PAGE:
The concern revolves around whether such gifts will be perceived to influence the recipient to give more business to the gift giver than he/she otherwise might have.
I've always believed that the clearest thing to do is for companies to establish a policy of not allowing employees to accept any gifts from workplace vendors and to make that policy clear to all vendors and employees.
Such policies, however, are not the norm. Many companies permit employees to accept gifts. In these cases, making clear to vendors and employees the restrictions about the types of gifts and their cost acceptable is important.
A reader writes that he recently received a bottle of wine as a gift from the senior partner of a law firm his company hires to do its legal work. The gift fell within the parameters of his company's gift policy. Since he doesn't drink wine, whenever he receives a bottle from a vendor, he usually gives it to others in his office or re-gifts it at some social event he might be attending.
He understands that once he receives a gift, he can do with it whatever he wants. The reader Googled the wine and found that it retails for as much as $60 a bottle, far more expensive than the gifts of wine he usually receives, but still within his company's gift policy.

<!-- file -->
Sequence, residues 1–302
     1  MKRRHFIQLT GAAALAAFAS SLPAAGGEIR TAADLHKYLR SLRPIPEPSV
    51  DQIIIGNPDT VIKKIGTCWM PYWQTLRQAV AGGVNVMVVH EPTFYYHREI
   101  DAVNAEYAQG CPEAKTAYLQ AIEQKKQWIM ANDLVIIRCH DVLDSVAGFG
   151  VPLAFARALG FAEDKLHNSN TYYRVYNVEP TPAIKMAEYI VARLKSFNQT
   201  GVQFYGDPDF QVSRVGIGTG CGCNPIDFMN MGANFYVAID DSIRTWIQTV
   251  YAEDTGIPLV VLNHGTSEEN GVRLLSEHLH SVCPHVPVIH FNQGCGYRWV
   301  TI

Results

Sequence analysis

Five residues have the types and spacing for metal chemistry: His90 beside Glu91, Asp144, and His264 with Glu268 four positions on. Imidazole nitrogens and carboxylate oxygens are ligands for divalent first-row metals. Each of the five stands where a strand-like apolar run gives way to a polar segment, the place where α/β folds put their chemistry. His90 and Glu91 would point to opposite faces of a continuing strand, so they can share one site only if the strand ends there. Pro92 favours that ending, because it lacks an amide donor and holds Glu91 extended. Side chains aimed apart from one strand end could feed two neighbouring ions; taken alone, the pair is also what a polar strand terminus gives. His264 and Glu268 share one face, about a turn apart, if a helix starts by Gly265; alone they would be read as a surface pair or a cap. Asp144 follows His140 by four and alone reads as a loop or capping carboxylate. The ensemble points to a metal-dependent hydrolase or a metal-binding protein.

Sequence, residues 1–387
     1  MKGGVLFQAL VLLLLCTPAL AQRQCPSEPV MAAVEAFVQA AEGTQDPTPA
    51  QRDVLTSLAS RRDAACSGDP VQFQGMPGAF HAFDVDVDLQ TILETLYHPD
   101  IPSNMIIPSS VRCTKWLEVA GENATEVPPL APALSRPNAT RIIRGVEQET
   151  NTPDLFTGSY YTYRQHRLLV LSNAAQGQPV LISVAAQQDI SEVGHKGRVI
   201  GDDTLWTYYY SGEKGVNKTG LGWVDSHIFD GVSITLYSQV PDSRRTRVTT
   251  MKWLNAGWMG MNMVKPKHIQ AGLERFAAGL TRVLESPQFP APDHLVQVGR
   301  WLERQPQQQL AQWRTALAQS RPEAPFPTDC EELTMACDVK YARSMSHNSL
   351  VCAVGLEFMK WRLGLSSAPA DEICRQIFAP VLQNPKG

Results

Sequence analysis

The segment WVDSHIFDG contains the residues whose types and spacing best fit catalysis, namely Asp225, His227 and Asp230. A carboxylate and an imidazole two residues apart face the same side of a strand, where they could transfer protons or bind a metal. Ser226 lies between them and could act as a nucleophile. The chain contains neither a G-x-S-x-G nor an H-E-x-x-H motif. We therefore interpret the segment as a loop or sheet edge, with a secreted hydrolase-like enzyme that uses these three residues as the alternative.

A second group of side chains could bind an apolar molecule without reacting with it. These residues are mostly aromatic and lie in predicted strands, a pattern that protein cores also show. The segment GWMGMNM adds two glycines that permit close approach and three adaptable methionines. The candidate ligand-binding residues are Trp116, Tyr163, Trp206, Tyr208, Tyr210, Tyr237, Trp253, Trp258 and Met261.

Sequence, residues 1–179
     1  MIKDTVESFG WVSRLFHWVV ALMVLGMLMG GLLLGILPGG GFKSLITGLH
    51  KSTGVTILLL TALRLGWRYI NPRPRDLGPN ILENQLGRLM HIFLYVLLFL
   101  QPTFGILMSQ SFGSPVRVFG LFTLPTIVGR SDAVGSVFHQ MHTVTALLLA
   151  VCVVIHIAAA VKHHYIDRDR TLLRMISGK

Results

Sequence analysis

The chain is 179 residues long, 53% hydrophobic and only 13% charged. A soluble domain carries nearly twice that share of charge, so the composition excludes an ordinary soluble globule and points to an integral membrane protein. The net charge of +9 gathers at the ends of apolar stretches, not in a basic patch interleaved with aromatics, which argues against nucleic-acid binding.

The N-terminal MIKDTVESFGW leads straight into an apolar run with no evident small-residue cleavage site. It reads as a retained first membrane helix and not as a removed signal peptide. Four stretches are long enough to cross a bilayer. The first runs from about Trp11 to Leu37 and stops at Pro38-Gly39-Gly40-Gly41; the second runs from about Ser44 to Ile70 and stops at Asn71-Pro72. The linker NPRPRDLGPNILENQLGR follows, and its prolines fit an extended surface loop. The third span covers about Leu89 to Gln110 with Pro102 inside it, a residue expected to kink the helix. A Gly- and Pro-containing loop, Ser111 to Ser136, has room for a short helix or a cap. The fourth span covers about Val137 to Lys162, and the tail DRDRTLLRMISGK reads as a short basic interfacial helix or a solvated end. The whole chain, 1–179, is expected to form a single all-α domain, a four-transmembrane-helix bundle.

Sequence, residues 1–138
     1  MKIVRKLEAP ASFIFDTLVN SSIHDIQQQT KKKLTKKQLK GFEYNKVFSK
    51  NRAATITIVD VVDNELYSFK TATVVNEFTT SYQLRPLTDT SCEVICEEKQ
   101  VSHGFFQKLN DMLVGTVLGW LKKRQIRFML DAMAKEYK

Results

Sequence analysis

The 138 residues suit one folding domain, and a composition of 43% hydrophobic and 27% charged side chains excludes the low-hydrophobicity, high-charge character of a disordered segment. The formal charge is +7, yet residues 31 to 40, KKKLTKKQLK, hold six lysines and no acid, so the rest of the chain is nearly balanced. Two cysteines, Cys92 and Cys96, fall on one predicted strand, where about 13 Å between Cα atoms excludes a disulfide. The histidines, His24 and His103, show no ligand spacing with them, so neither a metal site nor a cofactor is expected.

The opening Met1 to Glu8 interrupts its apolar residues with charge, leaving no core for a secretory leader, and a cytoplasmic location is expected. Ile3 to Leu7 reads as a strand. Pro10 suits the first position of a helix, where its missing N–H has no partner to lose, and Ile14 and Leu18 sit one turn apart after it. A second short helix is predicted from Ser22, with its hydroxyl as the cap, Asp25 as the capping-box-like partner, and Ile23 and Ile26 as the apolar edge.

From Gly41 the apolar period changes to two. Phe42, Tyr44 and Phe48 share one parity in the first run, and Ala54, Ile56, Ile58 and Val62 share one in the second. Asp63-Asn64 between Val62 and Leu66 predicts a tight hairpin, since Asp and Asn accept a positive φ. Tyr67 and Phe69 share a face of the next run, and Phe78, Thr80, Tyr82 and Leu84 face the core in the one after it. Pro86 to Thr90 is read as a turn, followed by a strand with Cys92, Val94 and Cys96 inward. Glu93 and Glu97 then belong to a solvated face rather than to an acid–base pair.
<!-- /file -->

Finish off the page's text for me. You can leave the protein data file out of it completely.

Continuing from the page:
One of the reader's associates saw this particular bottle of wine and asked about it. "He's a wine guy," the reader writes, so he asked if he wanted to buy it.
"Sure," the associate responded. "I'll give you $30 for it."
At first, the reader thought about selling it. But then he felt a "moral struggle" of taking a business relationship gift and converting it into "cold hard cash," something far different, he figured than giving it to someone who might enjoy it. "There is something about the conversion of the gift into cash so I can buy a new component for my bike, for example, that doesn't sit right with me."
He asks if there are "moral issues" with selling the gift and using the cash for next week's lunch or to pay his electric bill or buying "something fun for my mountain bike"?
As long as the employee did not violate his company's gift policy, the right thing is to do whatever he wants to do with the bottle of wine. After all, if he had re-gifted the wine to someone at a social event, he would have saved any money he would have spent on a different bottle of wine.
His uneasiness might be more reflective of the fact that permitting gifts from vendors can result in awkward situations regardless of their value and the best policy could be a no-gifts one.
But the wine belongs to him and selling it would be no different than selling that beautiful statue of dancing bronze bears he received from his Great Aunt Millie, although he's likely to find more buyers for the bottle of wine.
For those wrestling with how to have a civil discussion over a holiday meal, a discussion with HKS PolicyCast